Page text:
Whisky Travel

Discovering Japan’s best whisky bars


Japan’s known for its award-winning distilleries, but to get a true taste of whisky in the land of sushi and karaoke, head to its bars, writes Angus MacRaild.

Japan street signs
City of signs: Japan can be an overwhelming and intoxicating place, as seen here on the streets of Osaka

For all its flaws and frustrations, the 2003 film Lost in Translation captures something of the impenetrability of Japanese culture to westerners. The image of Bill Murray, lofty and alone, in a Tokyo that sways between cacophonously neon and seductively alien, is one that speaks to a lot of westerners and the kind of cognitive dissonances we often hold about Japan.

For whisky enthusiasts there is the added allure of whisky itself, a drink for which the Japanese have long possessed a deep and lasting passion. Japan presents the curious whisky traveller with famous distilleries and an almost mythical bar culture, not to mention a gnawing curiosity about the country itself. With trips to Taiwan and Singapore already in the bag for December, it seemed daft for me not to make the effort and finally ‘do’ Japan as well.

Three of us are travelling: Emmanuel Dron, owner of the famous Auld Alliance bar in Singapore, his wife Hitomi Matsumoto and myself. For this trip our mission is bars; distilleries will sadly have to wait until next time.

Japan is a deceptively sprawling country. To visit the distilleries, and add a selection of bars into the mix as well, would involve a serious amount of travelling. Even the relatively targeted selection of bars on our hit list takes us to Tokyo, Osaka, Kyoto and other rural provinces.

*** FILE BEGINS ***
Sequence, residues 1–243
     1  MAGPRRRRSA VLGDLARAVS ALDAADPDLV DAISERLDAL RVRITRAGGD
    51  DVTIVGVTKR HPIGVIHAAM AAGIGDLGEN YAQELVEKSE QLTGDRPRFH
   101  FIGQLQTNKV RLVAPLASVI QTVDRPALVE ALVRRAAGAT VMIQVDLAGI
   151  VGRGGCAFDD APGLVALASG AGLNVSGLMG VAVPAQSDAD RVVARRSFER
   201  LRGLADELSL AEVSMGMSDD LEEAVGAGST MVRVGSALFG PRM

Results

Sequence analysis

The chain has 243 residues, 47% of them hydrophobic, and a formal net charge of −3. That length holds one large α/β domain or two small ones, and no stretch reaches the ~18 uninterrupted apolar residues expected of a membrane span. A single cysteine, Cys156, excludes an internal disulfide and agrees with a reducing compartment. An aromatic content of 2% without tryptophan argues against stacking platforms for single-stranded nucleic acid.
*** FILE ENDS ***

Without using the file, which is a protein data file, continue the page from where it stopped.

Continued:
For us the imperative is the bars: they represent an aspect of Japanese whisky culture which, given another 10 years of ravenous and increasingly financially muscular interest, may not exist in their classic form for much longer.

Bar Cask Strength: A good place to begin an exploration of Tokyo’s drinking places

What becomes immediately apparent is that we would be lost without Hitomi. The language barrier in Japan is not so great that an English speaker cannot navigate the more traditional tourist routes and attractions. Deviate from this, however, and it is extremely easy to find yourself suddenly, and quite emphatically, out of your depth.

Impressions of Japan as busy, intense and complicated exist in people’s minds for a reason. Sprawling train stations and crowded public spaces; streets that throng and pulse beneath an overabundance of signs, slogans, information and life can become quickly overwhelming.

However, this is matched by deeply serene experiences as well. Dining, drinking and public transport can supply you with islands of pure calm, and exist in sharp juxtaposition to the bustle that often occurs between those points.

To understand some of the phenomena surrounding contemporary whisky-drinking culture in Japan, it is important to understand something of the country’s recent history, particularly in relation to Scottish whisky.

While domestic brands such as Suntory White Label have been hugely popular for decades among the general population, obsession with Scottish single malts and older or rarer whiskies began to take a serious hold in the 1980s. We often think about the Italians as being ‘ahead of the curve’ in this sense, but the same argument could be made for the Japanese.

A number of collectors and bar owners, buoyed by an era of comparatively cheap prices and a booming domestic economy, bought large stocks of quality Scottish whisky in the 1980s and 1990s. Independent bottlers such as Kingsbury also emerged and quickly gained influence. This, combined with a deeply rooted bar culture in Japan, created a breeding-ground for what European whisky lovers frequently dub ‘crazy whisky bars’.